Continue to work and learn as part of active ageing: DPM Tharman

Science Centre Singapore senior tour guide John Siregar, 87, showing Deputy Prime Minister Tharman Shanmugaratnam a photograph of his students in his job as associate trainer in workplace literacy.
Science Centre Singapore senior tour guide John Siregar, 87, showing Deputy Prime Minister Tharman Shanmugaratnam a photograph of his students in his job as associate trainer in workplace literacy.ST PHOTO: LIM YAOHUI

SINGAPORE - Singapore needs to enable its people to work as long as possible and to make lifelong learning a norm, said Deputy Prime Minister Tharman Shanmugaratnam at an active ageing book launch on Saturday (Feb 9).

Along with making kindness a way of life and getting involved in the community, these are the three components of living life to the fullest, said Mr Tharman, who was guest of honour at the event.

He was speaking at the launch of a book by Dr William Wan, general secretary of the Singapore Kindness Movement, titled Through The Valley: The Art Of Living And Leaving Well.

The book, which is published by Straits Times Press, delves into topics like joyful ageing, re-energising oneself as one ages and handling grief and the prospect of death.

Mr Tharman said that first of all, work must be made interesting so that people will want to work as long as possible.

In addition, work has to be re-envisioned as society ages; that jobs should change to suit the abilities of people and workers should have their contributions recognised.

"Age does take its toll on our brains and our bodies, but it can be resisted," he said. "And the way to resist it is to keep learning, stay active and continue to contribute."



Dr William Wan's new book, titled Through The Valley: The Art Of Living and Leaving Well, delves into topics like joyful ageing, re-energising oneself as one ages and handling grief and the prospect of death. ST PHOTO: LIM YAOHUI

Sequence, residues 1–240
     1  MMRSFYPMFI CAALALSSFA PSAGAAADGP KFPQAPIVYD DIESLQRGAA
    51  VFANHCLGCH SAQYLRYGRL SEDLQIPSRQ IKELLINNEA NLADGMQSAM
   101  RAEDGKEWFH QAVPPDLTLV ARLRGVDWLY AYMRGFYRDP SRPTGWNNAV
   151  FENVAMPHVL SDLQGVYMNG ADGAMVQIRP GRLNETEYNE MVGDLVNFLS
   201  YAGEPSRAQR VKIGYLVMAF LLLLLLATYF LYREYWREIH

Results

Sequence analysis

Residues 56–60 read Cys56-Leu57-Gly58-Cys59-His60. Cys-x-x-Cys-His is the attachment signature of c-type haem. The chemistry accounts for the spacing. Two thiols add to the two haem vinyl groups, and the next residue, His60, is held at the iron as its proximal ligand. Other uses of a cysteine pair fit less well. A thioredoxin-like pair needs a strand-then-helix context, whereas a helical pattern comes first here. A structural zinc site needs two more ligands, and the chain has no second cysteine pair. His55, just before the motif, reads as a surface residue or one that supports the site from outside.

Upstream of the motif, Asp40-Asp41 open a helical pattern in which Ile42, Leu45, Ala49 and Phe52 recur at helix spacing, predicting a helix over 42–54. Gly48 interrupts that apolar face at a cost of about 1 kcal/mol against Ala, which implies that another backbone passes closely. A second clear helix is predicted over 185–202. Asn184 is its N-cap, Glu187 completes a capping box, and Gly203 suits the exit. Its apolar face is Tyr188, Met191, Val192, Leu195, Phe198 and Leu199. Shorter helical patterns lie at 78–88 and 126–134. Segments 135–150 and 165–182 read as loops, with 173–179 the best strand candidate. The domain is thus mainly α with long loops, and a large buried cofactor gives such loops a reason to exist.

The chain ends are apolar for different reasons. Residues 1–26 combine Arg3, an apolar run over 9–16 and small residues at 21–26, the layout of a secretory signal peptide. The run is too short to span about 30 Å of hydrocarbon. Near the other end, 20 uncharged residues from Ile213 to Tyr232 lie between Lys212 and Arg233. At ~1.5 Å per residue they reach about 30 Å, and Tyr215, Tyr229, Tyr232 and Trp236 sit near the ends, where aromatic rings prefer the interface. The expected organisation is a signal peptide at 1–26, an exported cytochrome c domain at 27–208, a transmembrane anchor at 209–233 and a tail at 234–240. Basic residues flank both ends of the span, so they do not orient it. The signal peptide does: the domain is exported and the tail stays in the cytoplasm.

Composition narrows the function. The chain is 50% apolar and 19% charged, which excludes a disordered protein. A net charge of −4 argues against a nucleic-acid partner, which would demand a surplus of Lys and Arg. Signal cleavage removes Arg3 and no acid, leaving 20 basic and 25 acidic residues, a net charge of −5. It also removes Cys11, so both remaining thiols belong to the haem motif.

The book also pays testimony to Dr Wan's eight brushes with death - including two accidents involving cars which left him with a broken leg and needing to have his ear stitched back.

Dr Wan, 71, was inspired to pen the book after receiving the Active Ager Award from the Council for the Third Age in 2011, and being made an Active Ageing Ambassador.

"The objective is very simple: I wanted to share about how I see active ageing, how I am in fact an active ager, what do I do every day, every year, how do I see meaning and purpose in life," said Dr Wan at the launch at Science Centre Singapore.

"I don't know when I'm going to die... so I have this period called life in-between the two dates (the birth and expiry dates) and really, how then should I live and this is what the book is about," he added.

"I hope it will inspire you to live to the fullest because I can't imagine wasting all the time we have doing nothing but just existing."

Dr Wan, who has worked as a pastor, lawyer and lecturer in theology, took a three-month sabbatical in October last year to write the book.

It has sold more than 3,000 copies out of its first print run of 3,500 copies and a reprint has been ordered.

The book includes a prologue by Mr Gerard Ee, chairman, Charity Council; a foreword by Mr Gregory Vijayendran, president, Law Society of Singapore; an introduction by Professor Kua Ee Heok, Tan Geok Yin Professor in Psychiatry and Neuroscience, National University of Singapore; and an epilogue by Ms Ho Peng, former director-general of education, Ministry of Education.

Dr Wan, who received the President's Volunteerism and Philanthropy Award in 2017, will be speaking with ST journalist Lee Siew Hua about his new book at the next session of The Straits Times Book Club on Feb 27.